Images have immense power. As the currency of Hollywood, they can be potent weapons against the ugly realities of racism, hate and intolerance in America. They have the power to inspire, to humanize and to dehumanize, as we saw in the video of George Floyd’s slow, violent death at the hands of the Minneapolis police.
Images have historically played a leading role in galvanizing America to fight for racial justice and equality. In the 1800s, when ugly caricatures of Black people filled the pages of newspapers and popular magazines, Frederick Douglass sat for more than 100 photographic portraits — a purposeful strategy to show the world images of a serious, dignified Black man. In 1915, the six-year-old NAACP launched a national campaign against the racist film “The Birth of a Nation,” which portrayed Black characters as violent criminals and the Ku Klux Klan as heroes. Recognizing the power of cinema, the NAACP feared the movie would incite additional violence against Black people — and indeed, both the number of lynchings and the membership of the Klan reportedly rose the year the film was released.
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In the 1960s, images of vicious attack dogs and other brutality unleashed by police upon nonviolent Black demonstrators were broadcast into American living rooms and helped turn public opinion in favor of the civil rights movement, leading to transformative changes in our civil rights laws and Hollywood programming.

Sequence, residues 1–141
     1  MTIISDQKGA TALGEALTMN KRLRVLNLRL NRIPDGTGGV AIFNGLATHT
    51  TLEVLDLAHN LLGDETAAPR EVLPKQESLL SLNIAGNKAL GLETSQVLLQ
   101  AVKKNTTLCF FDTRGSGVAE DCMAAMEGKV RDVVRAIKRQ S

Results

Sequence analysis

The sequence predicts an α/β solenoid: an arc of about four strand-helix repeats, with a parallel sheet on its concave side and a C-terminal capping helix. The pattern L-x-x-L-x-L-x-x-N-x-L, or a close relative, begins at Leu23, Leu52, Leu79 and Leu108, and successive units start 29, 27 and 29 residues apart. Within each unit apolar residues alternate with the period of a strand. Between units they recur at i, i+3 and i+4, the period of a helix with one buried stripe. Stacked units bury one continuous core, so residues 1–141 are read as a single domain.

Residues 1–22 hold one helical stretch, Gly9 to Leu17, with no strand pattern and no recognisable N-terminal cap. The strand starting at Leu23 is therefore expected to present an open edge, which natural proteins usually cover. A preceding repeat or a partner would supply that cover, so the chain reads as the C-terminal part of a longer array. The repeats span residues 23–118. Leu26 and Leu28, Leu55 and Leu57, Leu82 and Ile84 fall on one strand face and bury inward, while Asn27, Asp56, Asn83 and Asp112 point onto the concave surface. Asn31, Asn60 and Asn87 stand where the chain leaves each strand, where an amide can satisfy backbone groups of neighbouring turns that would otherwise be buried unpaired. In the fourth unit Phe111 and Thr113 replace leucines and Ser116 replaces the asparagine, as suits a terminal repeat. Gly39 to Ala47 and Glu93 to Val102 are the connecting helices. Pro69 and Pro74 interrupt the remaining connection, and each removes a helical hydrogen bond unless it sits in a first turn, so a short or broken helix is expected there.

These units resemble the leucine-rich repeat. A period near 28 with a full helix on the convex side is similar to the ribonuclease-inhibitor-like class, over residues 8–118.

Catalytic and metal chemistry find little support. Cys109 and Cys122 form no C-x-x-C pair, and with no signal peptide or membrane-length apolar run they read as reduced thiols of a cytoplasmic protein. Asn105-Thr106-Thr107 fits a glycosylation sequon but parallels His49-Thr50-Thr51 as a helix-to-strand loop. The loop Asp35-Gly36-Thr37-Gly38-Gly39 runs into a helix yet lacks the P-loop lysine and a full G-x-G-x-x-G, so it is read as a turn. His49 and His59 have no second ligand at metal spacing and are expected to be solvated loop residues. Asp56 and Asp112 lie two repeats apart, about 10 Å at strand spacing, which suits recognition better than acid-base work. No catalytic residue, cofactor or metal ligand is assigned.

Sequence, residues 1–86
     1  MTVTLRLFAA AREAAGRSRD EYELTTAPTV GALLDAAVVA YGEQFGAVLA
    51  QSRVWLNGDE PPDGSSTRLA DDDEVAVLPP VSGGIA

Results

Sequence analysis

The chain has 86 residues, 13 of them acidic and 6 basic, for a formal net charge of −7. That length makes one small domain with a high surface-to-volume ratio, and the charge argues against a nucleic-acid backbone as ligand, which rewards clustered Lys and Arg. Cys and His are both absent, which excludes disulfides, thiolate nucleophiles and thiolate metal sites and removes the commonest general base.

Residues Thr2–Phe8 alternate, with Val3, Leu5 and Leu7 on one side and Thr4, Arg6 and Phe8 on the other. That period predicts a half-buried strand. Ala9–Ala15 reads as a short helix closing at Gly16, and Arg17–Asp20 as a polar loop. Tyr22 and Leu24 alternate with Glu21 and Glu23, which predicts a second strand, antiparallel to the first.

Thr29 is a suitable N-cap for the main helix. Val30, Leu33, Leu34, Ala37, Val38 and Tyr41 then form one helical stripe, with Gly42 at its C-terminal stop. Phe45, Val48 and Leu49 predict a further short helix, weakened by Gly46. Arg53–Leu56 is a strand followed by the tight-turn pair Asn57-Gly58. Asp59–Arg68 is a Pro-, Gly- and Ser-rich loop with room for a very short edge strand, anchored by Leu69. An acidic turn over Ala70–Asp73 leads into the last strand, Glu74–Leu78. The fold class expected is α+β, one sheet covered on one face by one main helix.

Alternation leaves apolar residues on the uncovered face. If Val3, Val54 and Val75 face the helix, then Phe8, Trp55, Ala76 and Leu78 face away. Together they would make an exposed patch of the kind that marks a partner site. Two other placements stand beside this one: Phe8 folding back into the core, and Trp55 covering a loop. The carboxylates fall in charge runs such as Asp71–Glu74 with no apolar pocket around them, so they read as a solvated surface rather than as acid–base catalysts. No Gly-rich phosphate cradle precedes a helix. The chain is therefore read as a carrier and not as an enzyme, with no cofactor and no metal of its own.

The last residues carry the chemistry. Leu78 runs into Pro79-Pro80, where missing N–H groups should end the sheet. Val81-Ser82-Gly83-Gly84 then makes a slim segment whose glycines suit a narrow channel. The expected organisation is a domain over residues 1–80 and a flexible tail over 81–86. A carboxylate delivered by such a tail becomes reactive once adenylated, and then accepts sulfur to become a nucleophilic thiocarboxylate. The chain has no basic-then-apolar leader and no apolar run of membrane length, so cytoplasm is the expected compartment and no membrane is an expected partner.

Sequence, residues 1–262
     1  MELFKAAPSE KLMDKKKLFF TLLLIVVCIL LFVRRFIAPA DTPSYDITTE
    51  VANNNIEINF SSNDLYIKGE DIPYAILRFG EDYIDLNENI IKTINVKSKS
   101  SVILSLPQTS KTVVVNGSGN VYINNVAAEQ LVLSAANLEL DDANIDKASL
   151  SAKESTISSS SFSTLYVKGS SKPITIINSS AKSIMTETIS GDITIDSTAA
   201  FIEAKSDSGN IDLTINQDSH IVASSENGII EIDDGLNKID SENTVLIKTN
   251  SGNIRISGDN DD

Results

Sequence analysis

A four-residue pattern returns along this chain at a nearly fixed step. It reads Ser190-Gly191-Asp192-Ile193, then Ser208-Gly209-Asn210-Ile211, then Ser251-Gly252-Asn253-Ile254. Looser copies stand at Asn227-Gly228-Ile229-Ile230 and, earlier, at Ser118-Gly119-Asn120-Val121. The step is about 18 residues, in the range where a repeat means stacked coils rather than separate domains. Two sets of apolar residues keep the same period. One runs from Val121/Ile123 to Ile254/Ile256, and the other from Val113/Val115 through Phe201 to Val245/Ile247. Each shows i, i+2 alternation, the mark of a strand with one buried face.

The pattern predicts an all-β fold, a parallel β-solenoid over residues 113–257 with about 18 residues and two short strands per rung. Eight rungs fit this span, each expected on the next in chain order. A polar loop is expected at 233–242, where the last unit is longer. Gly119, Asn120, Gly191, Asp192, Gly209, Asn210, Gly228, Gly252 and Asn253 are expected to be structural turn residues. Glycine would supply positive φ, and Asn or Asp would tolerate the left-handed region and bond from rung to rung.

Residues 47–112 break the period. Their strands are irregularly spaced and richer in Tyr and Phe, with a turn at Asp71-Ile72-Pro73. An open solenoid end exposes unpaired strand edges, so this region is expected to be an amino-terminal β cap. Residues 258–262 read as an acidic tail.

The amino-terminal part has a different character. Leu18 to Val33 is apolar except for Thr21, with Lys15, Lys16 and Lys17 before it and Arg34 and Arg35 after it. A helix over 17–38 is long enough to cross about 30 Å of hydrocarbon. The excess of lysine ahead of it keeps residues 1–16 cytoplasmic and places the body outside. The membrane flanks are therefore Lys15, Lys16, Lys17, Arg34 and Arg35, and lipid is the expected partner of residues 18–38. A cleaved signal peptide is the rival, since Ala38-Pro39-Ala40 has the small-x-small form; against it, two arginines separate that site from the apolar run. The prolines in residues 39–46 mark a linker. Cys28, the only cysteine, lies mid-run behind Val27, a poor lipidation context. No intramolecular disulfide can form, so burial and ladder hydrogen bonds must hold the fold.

Yet today, in its response to this unprecedented moment in history sparked by the public murder of George Floyd, Hollywood — which is literally in the business of creating, producing, marketing and exploiting images approved and greenlit by a handful of C-suite executives who shape American culture — is again resorting to the same old social justice playbook.
Studios, networks and other entertainment companies led by this insular group of executives have rushed to make the usual symbolic gestures of support for the Black community. They pledge financial support for activists, hire the proverbial one Black writer, produce a Black television show or greenlight one low-budget Black film, even execute 180-degree reversals on long-running legal battles they would never have contemplated conceding absent the current climate.
These are “the comfortable give.” And frankly, these isolated gestures simply contribute to preserving the status quo.